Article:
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What is a Health Stack and Why You Need One

What is Health?

In Body By Science, Dr. Doug McGuff defines Health as “A physiological state in which there is an absence of disease or pathology and that maintains the necessary biology between the catabolic and anabolic states.

 

What is a Stack?

Livestrong.com defines Stack as “…a group of supplements used to enhance performance. Stacks feature products with different intended purposes that work together to enhance energy, endurance, and recovery…

 

What is a Health Stack?

TrackMyStack extends the definition of stack to mean more than just supplements and also incorporates food, exercise, and activities into a stack. More on activities coming up shortly. A Health Stack is a set of foods, exercises, supplements, medications, and activities when combined result in a positive physiological adaptation.

The different elements of a stack can fall into the category of anabolic or catabolic functions. For example, foods such as fruits have an anabolic effect on the body and apple cider vinegar has a catabolic effect. While considering a myriad of biological nuances, in essence, exercises can be divided into catabolic and anabolic actions. Resistance training primes the body to build (anabolic) and endurance training require the body to break down (catabolic) energy storages. Supplements can be distinguished similarly: creatine for anabolic and acetyl-l-carnitine for catabolic, as examples.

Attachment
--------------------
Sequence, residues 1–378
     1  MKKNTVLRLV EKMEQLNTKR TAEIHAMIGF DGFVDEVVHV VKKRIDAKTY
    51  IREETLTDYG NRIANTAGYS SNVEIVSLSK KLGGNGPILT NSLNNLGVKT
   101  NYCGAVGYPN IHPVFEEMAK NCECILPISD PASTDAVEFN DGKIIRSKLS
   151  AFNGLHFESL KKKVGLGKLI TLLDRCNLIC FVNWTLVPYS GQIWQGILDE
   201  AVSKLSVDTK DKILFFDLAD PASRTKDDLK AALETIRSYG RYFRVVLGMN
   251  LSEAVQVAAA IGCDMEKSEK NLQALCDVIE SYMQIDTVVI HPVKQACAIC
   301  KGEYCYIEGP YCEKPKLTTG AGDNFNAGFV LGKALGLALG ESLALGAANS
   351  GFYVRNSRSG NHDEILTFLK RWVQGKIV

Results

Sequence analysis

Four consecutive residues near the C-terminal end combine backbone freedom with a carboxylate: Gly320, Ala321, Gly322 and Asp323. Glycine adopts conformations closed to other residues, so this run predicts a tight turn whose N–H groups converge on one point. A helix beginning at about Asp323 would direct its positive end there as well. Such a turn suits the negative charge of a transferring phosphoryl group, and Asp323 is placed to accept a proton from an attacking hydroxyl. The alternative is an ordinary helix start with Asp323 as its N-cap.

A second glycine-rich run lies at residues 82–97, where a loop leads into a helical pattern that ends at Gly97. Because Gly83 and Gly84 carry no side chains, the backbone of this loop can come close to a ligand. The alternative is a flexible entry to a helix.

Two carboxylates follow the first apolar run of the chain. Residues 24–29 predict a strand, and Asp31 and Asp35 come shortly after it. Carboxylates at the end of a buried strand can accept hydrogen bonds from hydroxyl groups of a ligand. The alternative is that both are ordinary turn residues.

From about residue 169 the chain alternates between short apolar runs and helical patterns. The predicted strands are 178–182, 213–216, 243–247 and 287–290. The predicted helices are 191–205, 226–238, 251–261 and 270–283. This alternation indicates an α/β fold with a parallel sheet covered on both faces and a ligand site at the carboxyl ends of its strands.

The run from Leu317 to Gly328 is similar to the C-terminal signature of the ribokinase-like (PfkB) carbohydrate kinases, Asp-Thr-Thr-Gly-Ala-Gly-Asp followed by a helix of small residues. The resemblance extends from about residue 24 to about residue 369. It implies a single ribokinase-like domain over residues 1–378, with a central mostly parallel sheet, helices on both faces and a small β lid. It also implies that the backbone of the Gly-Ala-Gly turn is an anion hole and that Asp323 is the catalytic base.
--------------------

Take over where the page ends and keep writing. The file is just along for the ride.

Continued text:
With the understanding of how elements that are anabolic and/or catabolic add to an individual’s health, it is important to consider any activity which spurs a biological change to be part of the individual’s Health Stack. Activities such as meditation, sleep, infrared saunas have a biological impact. There have been increasing trends in health and biotechnology. 

These new trends are called Biohacking. Dave Asprey the creator of Bulletproof Coffee and pioneer of biohacking calls biohacking as:

“To use science, biology, self experimentation to take control of and upgrade your body, your mind, and your life.”

TrackMyStack gives users the tools to input various activities regarding health and the ability to track those activities.